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5 Games for 2nd Grade Math

Learn easy, challenging, and most importantly fun games to help your 2nd grade math student.

Learning Benefits

Hover over each Learning Benefit below for a detailed explanation.
Memory and Memorization
Number Sequencing
Adding and Subtracting

My child loves 2nd grade math, so by necessity, I’ve gotten pretty good at coming up with spur-of-the-moment addition and subtraction problems. But even Super Math Mom needs help sometimes. Playing 2nd grade math games is a great way to challenge kids who, like my daughter, are already excited about math. But 2nd grade math games are also an excellent tool for engaging kids who are less interested in or struggle with the subject. Challenge your early 2nd grade math learner to one of these great games:

2nd Grade Math: Ten Frame Flashcards
What you’ll need:

  • 10 index cards

What to do:

  • Turn each index card into a “10 Frame” by drawing a grid that’s five blocks across and two blocks high on one side of the card.
  • On the first card, draw a large dot in the center of the block in the top left corner.
  • On the second card, draw a dot in the first two blocks, and so on. Your final card should have a dot in every block.
  • To play, shuffle the cards and put them in a pile face down. Pick up the first card, and flash it to your child for two seconds. Ask, “How many dots are on the frame?”
  • Continue with all of the cards, keeping track of how many your child correctly identifies. For a more challenging variation, ask, “How many dots are missing?”

2nd Grade Math: Roll & Record
What you’ll need:

  • 2 dice
  • Paper

What to do:

  • On a sheet of paper, have each player draw a grid with several columns that is 11 rows high. Number the squares in the first column from two to 12.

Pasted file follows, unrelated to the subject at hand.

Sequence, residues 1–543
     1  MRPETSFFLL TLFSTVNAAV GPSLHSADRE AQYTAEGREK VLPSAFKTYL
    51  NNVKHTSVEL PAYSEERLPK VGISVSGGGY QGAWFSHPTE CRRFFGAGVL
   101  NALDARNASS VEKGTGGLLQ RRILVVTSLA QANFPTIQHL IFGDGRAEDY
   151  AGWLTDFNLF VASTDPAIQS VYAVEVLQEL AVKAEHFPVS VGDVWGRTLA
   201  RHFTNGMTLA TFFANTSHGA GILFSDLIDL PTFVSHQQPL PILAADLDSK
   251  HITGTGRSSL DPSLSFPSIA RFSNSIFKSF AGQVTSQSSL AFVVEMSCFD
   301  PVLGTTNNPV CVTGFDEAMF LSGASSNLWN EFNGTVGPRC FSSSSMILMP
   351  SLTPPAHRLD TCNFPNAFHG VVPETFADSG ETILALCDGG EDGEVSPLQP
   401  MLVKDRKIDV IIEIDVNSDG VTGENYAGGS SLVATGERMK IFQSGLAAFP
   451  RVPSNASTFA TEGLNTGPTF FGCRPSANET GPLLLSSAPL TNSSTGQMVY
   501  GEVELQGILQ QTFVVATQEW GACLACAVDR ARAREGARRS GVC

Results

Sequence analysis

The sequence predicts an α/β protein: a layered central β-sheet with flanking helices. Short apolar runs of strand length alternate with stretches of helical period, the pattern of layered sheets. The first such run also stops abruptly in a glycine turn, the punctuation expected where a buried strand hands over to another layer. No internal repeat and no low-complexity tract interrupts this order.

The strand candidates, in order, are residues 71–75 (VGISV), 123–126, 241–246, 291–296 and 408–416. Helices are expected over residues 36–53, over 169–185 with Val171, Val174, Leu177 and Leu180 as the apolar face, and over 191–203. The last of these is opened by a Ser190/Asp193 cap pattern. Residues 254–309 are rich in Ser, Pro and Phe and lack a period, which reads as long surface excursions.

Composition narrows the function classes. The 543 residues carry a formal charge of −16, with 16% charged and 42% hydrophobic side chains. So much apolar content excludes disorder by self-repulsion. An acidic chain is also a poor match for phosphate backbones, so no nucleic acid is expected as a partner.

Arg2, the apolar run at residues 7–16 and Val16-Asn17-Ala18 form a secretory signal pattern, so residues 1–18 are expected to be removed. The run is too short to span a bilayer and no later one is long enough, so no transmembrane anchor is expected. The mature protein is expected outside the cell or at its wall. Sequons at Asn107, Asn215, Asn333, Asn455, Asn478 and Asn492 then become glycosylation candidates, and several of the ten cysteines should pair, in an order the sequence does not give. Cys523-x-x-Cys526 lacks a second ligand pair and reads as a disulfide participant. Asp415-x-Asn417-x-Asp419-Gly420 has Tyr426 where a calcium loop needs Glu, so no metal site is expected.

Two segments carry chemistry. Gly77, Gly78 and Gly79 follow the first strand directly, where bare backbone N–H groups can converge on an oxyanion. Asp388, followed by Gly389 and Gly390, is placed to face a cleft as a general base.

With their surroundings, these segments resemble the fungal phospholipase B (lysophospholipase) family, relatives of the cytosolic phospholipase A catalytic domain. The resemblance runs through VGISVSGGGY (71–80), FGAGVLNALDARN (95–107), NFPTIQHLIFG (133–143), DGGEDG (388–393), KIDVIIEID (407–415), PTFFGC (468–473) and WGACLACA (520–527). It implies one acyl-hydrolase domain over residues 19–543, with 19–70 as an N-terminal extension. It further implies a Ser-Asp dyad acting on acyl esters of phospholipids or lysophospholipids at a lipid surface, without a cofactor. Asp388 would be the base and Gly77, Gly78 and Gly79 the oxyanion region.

• Player one rolls the dice to begin the game. Player one adds the sum of the dice and puts an X in the box in the second column next to that number.
  • Player two takes a turn, and so on. The first player to put an X in every box in the second column wins the round.
  • Keep playing until you run out of columns. For a variation, create a grid numbered zero to six and use subtraction or include more dice and increase the challenge.

2nd Grade Math: Fishing for Tens
What you’ll need:

  • A deck of cards

What to do:

  • Remove the tens, jacks, queens, and kings from the deck of cards.
  • Deal each player five cards.
  • As in Go Fish, the object is for players to make pairs, but instead of matching, the sum of the two cards must equal 10 (ace=1). Players take turns asking other players for cards that would make 10 when added to another card in their hand. If a player requests a card that no one has, he has to “go fish” and pick a new card from the deck.
  • If a player runs out of cards, he picks two new cards. The game ends when there are no more cards in the pile. Players show their pairs and check each other’s math. The player with the most sums of 10 wins.

2nd Grade Math: Addition Bingo
What you’ll need:

  • A deck of cards
  • Paper

What to do:

  • Create six-by-six grids on several sheets of paper, randomly entering a number between two and 18 in each box.
  • Remove the tens, jacks, queens, and kings from the deck of cards, shuffle, and divide the cards into two equal piles.
  • To play, each player chooses a Bingo grid. Player one turns over the top card on each deck. All players add the numbers on the two cards (ace=1). Players who find the sum on their grids put an X in that square.
  • The game continues until the first player completes a row, horizontally, vertically, or diagonally and calls out “Bingo!” For a variation, create smaller grids with numbers zero to eight and play Subtraction Bingo.

2nd Grade Math: Double Trouble
You’ll need:

  • 1 die
  • Paper

What to do:

  • On a piece of paper, each player must create a grid that’s five squares long and four squares high.
  • In each box, players randomly write an even number from two to 12.
  • Player one rolls the die, and all players must figure out the resulting number’s double. Players put an X in one of the squares on their grid that includes that number.
  • The game continues until the first player completes a row, horizontally, vertically, or diagonally and calls out, “Double Trouble!” For a more challenging variation, play with two dice and create a grid that includes the even numbers from four to 24.

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